My distress about the irresponsible use of words by media led me to explore what the ancients say about the power of words to influence our world. What obligations do we have as writers in bringing peace and unity to the world through our work?
“Goodness in words means being trustworthy,” wrote Lao-tzu. And, “Be tactful and you remain whole.”
“A long and pointless discourse itself declares to all the speaker’s lack of worth.” And “Do not call him a man who enjoys displaying his own empty words.” These both come from the Hindu text, the Thirukural.
“Think before speaking. Once you make your statement, you are obligated to fulfill your words as though under oath,” from Judaism, Pele Yoetz
From Zoroastrinism: “The best life will be for one who with his tongue speaks [and writes] in accord with good thoughts and with his hands performs the tasks of divine wisdom.”
The Sikh’s hold that “to speak [and write] softly, sweetly and tell the truth,” are among their guiding precepts. (From the Sikh Rehat Muryada)
From the Torah, “Do not gossip. (Lashon Hara) Gossip, is so evil that it is compared to idolatry, adultery and murder.” – Arakhin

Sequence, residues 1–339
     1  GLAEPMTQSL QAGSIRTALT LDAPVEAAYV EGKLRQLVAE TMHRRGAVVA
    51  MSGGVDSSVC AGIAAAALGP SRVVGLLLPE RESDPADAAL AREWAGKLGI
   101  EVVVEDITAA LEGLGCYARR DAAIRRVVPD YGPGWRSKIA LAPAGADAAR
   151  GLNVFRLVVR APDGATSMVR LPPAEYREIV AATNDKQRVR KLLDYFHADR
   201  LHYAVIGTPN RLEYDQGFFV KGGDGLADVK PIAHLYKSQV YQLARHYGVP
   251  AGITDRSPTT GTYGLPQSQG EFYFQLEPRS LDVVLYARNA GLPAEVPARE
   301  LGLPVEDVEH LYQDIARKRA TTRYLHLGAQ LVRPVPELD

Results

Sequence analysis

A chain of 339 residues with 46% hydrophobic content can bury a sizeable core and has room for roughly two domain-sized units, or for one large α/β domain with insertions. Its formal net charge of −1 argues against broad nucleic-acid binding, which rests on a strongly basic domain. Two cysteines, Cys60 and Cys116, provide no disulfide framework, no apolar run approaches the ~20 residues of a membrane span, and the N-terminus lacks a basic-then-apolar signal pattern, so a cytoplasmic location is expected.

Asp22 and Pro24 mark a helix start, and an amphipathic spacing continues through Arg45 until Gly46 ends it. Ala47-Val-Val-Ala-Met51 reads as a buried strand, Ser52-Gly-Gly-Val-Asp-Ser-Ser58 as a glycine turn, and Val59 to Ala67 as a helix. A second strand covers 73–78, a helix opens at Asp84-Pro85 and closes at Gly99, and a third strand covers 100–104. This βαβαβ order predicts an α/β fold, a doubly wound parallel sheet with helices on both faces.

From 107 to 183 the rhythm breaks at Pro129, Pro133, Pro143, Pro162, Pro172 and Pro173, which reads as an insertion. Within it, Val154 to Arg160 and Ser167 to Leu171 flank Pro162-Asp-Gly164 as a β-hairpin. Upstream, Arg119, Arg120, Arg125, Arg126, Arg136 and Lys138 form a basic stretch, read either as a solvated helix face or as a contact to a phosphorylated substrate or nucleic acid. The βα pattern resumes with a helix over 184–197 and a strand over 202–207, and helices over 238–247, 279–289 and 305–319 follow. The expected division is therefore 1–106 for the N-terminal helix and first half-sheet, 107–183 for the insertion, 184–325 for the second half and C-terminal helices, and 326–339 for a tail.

And finally, “Hear and understand: not what goes into the mouth defiles a man, but what comes out of the mouth, this deflies man… What comes out of the mouth [or the pen] proceeds from the heart, and this defiles man. For out of the heart come evil thoughts, murder, adultery, fornication, theft, false witness, slander. These are what defile man.” – Matthews 15:19-20
Why is this important? World peace begins with inner peace. Inner peace begins with a silencing of the mind and use of the mind’s main tool – words – with wisdom and parsimony. Words in today’s culture have been devalued. They are used lightly and without paying real attention to the pollution they contribute in the form of confusion and division. Like toxic waste, they fill up the airwaves, the Internet and the papers, but what positive, constructive contribution do they make to making the world a better place and providing solutions?
This is my challenge to all of you writers and anyone who utters a word: will you use words carefully and with clarity? Will you choose to use words to sow peace and understanding or will you create division and more problems? As writers we have great influence on the world. We can make a difference for the better – or for the worse. It’s up to us.
Copyright: Debra Moffitt 2008